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BOSTON-The bloom is clearly off the retail rose, but speakers at an industry event here did their best to plant a seed of optimism for the New England landscape. Moderator Geoff Millerd of Cushman & Wakefield joined keynote speaker Suzanne Mulvee of PPR and broker Ben Starr in forecasting a mixed 2008 where top-rated tenants will benefit from the demise of weaker concepts and retailers dunned by the lingering subprime crisis. And while the debt debacle continues to foment uncertainty, Millerd said the investment sales team at his firm is following up a record 2007 of $780 million in volume with fresh opportunities and eager buyers, albeit no longer the highly leveraged crowd that created a frenzy last year.

“Our phones are ringing again,” said Millerd, recounting how the market cratered along with the remaining real estate sales sector once the debt crisis took hold in mid-summer. The biggest challenge, the C&W senior director relayed to the audience at Boston’s Westin Waterfront Hotel, is in getting obdurate owners to accept adjusted pricing required from more expensive financing and disconcerting economic storm clouds, such as a record decline in consumer confidence during the past five months.

“The market is starved for quality assets,” said Millerd, whose underlying theme to prospective sellers attending the C&W-sponsored program was “Don’t’ Miss the Bus in 2008.” While acceding that the peak has passed. Millerd stressed that buyers are still ready to pay close to historic figures for malls and shopping centers in New England. One reason, Mulvee explained, is that the region has not been overrun by new construction as seen in other parts of the country such as Florida, Las Vegas and Southern California, ironically an area battered by employment losses from the mortgage sector morass. “Huge amounts of supply are being added,” Mulvee relayed in her overview of the US economy and its impact on the retail arena.

The fresh inventory will bump national vacancy rates up by 1.5% in 2008 after a similar gain in 2007, Mulvee reported, and the senior economist warned that retailers related to the housing market are on shaky ground, with sales of building supplies down sharply. “Retail numbers are not that great,” Mulvee said, making rent accretion difficult, particularly since increased occupancy costs of 7% are already squeezing profit margins. The US economy bears watching as well, said Mulvee, calling the January job results “ugly,” and noting that the unemployment rate has crept up slightly during the past year to 4.9%. As a result, she says, investors will be less inclined to stray into tertiary markets, or will mandate strong returns if they follow such a path. “You are actually going to get a risk premium again,” she said.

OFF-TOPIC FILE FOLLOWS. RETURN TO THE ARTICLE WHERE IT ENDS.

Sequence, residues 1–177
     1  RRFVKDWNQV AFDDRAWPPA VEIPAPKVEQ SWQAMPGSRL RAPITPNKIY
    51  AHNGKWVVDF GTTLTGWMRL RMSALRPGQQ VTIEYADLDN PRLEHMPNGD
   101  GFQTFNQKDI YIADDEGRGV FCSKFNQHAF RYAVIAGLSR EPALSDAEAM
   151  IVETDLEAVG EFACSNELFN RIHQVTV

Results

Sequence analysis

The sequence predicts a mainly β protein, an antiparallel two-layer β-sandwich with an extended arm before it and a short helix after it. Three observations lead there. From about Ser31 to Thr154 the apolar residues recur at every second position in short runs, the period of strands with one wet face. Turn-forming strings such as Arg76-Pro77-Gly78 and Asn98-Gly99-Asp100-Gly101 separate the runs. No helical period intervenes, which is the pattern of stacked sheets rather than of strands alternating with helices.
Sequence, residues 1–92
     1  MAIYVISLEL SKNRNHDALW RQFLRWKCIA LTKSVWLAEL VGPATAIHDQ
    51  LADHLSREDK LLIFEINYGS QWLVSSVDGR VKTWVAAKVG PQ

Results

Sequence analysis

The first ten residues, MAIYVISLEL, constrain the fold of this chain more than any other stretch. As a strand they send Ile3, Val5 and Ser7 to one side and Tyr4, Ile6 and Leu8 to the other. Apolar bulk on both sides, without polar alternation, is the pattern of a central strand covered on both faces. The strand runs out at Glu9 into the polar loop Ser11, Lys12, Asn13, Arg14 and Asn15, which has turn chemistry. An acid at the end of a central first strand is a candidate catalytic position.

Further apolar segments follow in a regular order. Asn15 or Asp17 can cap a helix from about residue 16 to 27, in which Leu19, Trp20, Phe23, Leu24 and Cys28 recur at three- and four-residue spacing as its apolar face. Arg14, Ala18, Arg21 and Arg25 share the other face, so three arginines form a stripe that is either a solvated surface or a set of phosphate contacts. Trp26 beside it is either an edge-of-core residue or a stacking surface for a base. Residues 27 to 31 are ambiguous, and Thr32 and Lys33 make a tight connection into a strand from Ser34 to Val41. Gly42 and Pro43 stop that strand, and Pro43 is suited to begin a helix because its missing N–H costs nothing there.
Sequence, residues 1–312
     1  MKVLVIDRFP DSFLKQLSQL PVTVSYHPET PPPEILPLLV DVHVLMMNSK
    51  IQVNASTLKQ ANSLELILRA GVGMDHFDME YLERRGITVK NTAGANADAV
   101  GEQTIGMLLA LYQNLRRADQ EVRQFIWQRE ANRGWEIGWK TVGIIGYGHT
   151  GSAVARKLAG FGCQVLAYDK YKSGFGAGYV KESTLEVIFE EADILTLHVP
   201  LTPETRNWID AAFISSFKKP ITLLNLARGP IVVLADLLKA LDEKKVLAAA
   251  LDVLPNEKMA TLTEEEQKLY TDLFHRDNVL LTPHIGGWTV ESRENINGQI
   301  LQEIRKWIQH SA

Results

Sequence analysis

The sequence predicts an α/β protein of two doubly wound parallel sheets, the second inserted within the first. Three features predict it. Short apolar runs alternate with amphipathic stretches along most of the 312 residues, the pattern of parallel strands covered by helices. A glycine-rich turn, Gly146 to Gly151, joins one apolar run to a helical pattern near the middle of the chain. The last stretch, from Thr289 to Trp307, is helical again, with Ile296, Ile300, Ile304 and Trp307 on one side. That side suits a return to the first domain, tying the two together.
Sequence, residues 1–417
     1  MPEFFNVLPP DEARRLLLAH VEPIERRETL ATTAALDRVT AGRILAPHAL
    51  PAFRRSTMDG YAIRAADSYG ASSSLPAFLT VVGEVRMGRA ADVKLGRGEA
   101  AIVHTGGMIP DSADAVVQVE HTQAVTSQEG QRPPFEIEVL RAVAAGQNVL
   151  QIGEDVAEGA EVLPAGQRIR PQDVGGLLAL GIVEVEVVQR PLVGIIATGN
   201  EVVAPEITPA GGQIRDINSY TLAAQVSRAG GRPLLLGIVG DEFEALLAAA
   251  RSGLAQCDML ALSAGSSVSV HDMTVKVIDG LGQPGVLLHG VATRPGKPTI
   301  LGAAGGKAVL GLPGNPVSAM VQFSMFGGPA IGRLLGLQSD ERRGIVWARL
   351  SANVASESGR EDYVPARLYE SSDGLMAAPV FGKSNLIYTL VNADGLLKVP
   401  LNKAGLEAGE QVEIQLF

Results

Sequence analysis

Millerd predicted a similar reaction, indicating that the institutional buyers who led the market in 2007 proved last year a desire to stick to primary markets. Of the $2 billion in retail sales for centers of 50,000 sf or more in New England last year, 60.9% was spent inside Interstate 495, says Millerd, versus 45.7% of the total traded in 2006. Stricter underwriting and a higher level of institutional capital should continue to stoke that trend, said Millerd. Only exceptional retail markets such as Nashua, NH, and South Portland, ME, will lure that capital beyond metropolitan Boston, he indicated.

Some buyers will be even more insular, Millerd said, focusing on high-quality urban retail, a rare commodity that is drawing cross-border capital to such preferred sections as Boston’s Newbury St. Several 2007 transactions on that shopping Mecca yielded per sf rents in excess of $1,000, with 201 Newbury St fetching an astounding $1,700 per sf. The overall cap rate for 19 Newbury St. sales was a mere 4.9%. Boston had a record $374 million of urban retail sales in 2007, up from $120 million the previous year, including $205 million on Newbury St. Millerd said he anticipates more of the same for 2008, especially due to the arrival of Spanish and German money to compete with aggressive Irish capital and private buyers such as Kimco Real Estate of New York City.

The leasing climate was handicapped by Starr, a principal at Atlantic Retail Properties who told of a similar flight to quality among tenants as that anticipated from retail investors. A “Darwinian” atmosphere is leading to substantial changes in the shopping world, Starr added, led by dominant chains such as Best Buy and Target. “From a deal-making perspective, they are going to exert their will,” said Starr, whose outlook for the region is “blue skies, but a few clouds.” As with Mulvee and Millerd, Starr portended a flight to quality, with aggressive expansion into rural and suburban enclaves being curtailed. “We are not going to see that again,” Starr said in telling of a small New Hampshire community recently being courted by two home improvement giants.

Starr also agreed that housing-related shopping is going to take a deep hit, and said he anticipates a drop off in construction from such casual dining chains as Applebees, Ruby Tuesdays and TGIFridays, requiring owners of pad sites to pursue alternative uses. One popular source, Citi bank, is not expected to help, said Starr, with that institution’s rapid expansion into some 30 regional sites appearing to have run its course. Overall, however, Starr expressed optimism, especially for the best product. Even as some retailers drop off the map, others are arriving to take their place, he said, listing among the new arrivals Bass Pro Shops, Cabela’s and Chipotle Grill. “Plenty of retail is looking to get into New England,” he said. “If you read the press, you’d think it’s the ice age, but we don’t see that,” Starr said.

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